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For Your Consideration: 5 Directors Who Deserve Oscar Nominations This Year

For Your Consideration: 5 Directors Who Deserve Oscar Nominations This Year

Unlike Best Picture, the Best Director category at the Academy Awards is still only made up of five slots, and it’s tough to crack in there, especially as nominees are usually aligned with the Best Picture nominees. More than almost any other category, the merits of a film’s direction can sometimes be overlooked in favor of the helmer of the best-liked film, rather than the one who did the most surprising, boldest and impressive work of the year.

As such, having looked at the acting categories in the last few days, we wanted to highlight some directors whose chances of a nomination are slim (right now it’s looking like Steven Spielberg, Kathryn Bigelow, Ang Lee, Ben Affleck, and either Tom Hooper or David O. Russell will take those places), but who are just as deserving as the competition. If you are an Academy member, why not take a chance and vote for one of the below. For all The Playlist’s year-end coverage, make sure to follow all our Best Of 2012 features.

Joe Wright – “Anna Karenina”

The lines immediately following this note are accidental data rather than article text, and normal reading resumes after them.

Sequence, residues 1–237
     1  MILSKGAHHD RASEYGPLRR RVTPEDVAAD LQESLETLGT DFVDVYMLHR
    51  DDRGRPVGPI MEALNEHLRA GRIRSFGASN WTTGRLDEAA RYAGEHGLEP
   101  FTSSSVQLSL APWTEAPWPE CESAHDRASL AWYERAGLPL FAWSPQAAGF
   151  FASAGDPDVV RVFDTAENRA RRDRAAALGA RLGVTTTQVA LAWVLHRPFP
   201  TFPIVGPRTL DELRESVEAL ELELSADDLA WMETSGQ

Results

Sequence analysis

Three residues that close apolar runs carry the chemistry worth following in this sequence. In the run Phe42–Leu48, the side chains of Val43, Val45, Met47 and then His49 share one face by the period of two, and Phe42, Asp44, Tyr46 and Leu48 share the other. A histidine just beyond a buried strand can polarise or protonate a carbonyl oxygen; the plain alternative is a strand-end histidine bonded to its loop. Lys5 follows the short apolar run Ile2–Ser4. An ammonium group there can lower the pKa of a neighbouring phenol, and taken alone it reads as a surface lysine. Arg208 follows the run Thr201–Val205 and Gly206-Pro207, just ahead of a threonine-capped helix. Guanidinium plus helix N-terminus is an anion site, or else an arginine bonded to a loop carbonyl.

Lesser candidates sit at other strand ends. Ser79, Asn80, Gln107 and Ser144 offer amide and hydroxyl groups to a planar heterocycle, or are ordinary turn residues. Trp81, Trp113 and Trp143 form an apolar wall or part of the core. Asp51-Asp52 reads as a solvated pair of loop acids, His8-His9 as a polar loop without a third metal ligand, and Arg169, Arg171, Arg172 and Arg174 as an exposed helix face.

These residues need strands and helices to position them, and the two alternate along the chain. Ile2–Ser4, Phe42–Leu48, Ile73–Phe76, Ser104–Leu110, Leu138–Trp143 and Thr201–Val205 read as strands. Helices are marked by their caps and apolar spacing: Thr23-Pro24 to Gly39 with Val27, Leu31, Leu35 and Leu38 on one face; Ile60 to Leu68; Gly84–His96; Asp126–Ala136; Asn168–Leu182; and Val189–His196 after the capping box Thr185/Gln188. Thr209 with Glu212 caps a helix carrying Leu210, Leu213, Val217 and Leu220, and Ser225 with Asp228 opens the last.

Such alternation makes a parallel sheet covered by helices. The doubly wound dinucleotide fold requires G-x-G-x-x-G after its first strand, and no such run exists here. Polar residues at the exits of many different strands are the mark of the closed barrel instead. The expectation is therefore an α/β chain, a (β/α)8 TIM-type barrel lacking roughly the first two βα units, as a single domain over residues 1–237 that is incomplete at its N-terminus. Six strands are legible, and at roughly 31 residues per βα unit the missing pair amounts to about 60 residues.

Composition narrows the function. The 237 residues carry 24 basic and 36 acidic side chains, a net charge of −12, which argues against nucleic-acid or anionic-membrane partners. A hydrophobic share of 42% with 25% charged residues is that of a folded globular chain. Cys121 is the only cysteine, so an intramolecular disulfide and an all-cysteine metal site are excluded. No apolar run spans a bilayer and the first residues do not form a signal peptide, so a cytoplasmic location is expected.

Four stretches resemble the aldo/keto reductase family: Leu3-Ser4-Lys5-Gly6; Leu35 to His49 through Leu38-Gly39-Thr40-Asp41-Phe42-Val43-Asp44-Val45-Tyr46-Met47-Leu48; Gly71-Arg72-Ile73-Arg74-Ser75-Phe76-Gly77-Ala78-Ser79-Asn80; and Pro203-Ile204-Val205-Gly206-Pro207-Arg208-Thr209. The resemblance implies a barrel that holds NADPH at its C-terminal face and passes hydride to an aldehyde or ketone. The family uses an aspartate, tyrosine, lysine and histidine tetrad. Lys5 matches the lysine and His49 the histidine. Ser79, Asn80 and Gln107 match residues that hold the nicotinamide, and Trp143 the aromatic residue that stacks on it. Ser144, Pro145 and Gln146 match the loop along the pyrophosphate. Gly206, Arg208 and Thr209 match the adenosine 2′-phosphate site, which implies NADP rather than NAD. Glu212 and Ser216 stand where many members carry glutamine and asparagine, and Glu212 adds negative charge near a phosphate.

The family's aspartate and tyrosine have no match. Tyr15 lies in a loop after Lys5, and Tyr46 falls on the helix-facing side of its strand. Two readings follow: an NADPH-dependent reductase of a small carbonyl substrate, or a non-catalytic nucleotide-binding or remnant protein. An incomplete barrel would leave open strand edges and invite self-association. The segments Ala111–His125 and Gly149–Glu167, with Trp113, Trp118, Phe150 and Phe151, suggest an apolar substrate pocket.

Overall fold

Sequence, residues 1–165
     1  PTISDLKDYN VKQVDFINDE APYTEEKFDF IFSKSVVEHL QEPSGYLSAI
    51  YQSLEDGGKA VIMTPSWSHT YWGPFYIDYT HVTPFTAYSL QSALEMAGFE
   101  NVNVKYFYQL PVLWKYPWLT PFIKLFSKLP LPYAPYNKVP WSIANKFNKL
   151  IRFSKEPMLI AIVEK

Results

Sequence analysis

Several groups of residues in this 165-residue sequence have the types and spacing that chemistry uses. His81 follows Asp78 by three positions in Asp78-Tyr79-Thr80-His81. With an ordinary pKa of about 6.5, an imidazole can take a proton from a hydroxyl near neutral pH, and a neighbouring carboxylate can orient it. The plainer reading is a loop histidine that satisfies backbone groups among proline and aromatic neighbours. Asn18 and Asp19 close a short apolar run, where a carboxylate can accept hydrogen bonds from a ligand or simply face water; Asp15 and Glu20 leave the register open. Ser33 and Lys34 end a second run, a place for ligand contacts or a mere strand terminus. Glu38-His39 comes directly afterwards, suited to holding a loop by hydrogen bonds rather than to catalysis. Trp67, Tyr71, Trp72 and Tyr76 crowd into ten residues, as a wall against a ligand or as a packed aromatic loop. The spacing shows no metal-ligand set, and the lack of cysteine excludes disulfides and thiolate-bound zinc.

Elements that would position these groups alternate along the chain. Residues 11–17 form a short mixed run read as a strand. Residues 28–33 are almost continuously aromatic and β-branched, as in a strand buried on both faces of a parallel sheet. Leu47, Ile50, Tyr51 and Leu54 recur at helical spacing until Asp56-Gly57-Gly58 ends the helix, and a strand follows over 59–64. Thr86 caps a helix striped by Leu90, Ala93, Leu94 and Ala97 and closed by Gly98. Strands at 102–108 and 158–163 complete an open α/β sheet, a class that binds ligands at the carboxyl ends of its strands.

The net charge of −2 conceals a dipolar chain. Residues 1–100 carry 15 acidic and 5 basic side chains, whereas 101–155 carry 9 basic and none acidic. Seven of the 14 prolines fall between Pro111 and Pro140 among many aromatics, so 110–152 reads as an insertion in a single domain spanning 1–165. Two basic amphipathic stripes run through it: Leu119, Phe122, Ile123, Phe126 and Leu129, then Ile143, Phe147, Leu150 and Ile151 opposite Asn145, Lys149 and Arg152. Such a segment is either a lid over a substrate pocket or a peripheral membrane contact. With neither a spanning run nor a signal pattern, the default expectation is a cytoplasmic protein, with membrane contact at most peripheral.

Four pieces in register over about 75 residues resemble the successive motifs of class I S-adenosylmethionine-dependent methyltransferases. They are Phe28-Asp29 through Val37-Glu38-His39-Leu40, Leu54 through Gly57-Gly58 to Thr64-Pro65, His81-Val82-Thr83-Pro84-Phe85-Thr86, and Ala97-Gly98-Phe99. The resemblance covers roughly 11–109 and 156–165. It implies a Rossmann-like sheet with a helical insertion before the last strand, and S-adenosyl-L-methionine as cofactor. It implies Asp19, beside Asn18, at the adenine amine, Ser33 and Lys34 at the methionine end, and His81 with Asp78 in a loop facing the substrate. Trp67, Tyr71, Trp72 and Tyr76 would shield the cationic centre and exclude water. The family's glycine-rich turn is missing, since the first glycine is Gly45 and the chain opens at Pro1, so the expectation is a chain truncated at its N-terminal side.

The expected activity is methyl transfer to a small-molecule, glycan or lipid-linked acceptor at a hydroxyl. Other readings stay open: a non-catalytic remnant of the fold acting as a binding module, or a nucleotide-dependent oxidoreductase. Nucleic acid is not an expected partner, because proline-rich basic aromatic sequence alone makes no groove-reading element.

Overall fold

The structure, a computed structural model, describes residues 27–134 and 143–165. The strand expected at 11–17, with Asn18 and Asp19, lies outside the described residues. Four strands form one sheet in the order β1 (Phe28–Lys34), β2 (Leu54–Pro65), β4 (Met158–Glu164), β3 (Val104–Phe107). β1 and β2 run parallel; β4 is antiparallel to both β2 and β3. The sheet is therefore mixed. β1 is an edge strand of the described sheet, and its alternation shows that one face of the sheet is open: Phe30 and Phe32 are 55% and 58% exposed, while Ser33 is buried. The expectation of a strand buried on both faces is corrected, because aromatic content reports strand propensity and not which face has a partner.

One of the few chances a director has at landing a nomination if their film will be ignored for Best Picture is if their work is showy, in a film where it’s clear that the filmmaker involved is responsible for the style and tone of the piece (see Julian Schnabel for “The Diving Bell And The Butterfly” a few years back). And this year, Joe Wright ticks that box with his version of “Anna Karenina.” Originally intended to be a more traditional kind of period piece, budgetary issues led to Wright using adversity to his advantage, retooling the film into a non-naturalistic tale set almost entirely within the confines of a theater. Which makes it sound by its very existence stagey, but Wright turns it into something thrillingly cinematic, a curious midway point between Powell & Pressburger, Busby Berkeley and Bertolt Brecht. Long steadicam shots, stunning production design and a few coup de theaters all add up to one of the most original takes on the costume drama we’ve ever seen, which contrasts the artificiality of the lives of the Russian aristocrats against the “purer,” more pastoral life of Levin (Domnhall Gleeson). The cast are superb, the team that Wright has assembled (including returning collaborators composer Dario Marianelli and cinematographer Seamus McGarvey) are working at full throttle, and it’s both intellectually rigorous and quietly moving. It’s the director’s best film yet, and a nomination would go some way to making up for him being passed over for his work on the Best Picture-nominated “Atonement” five years ago.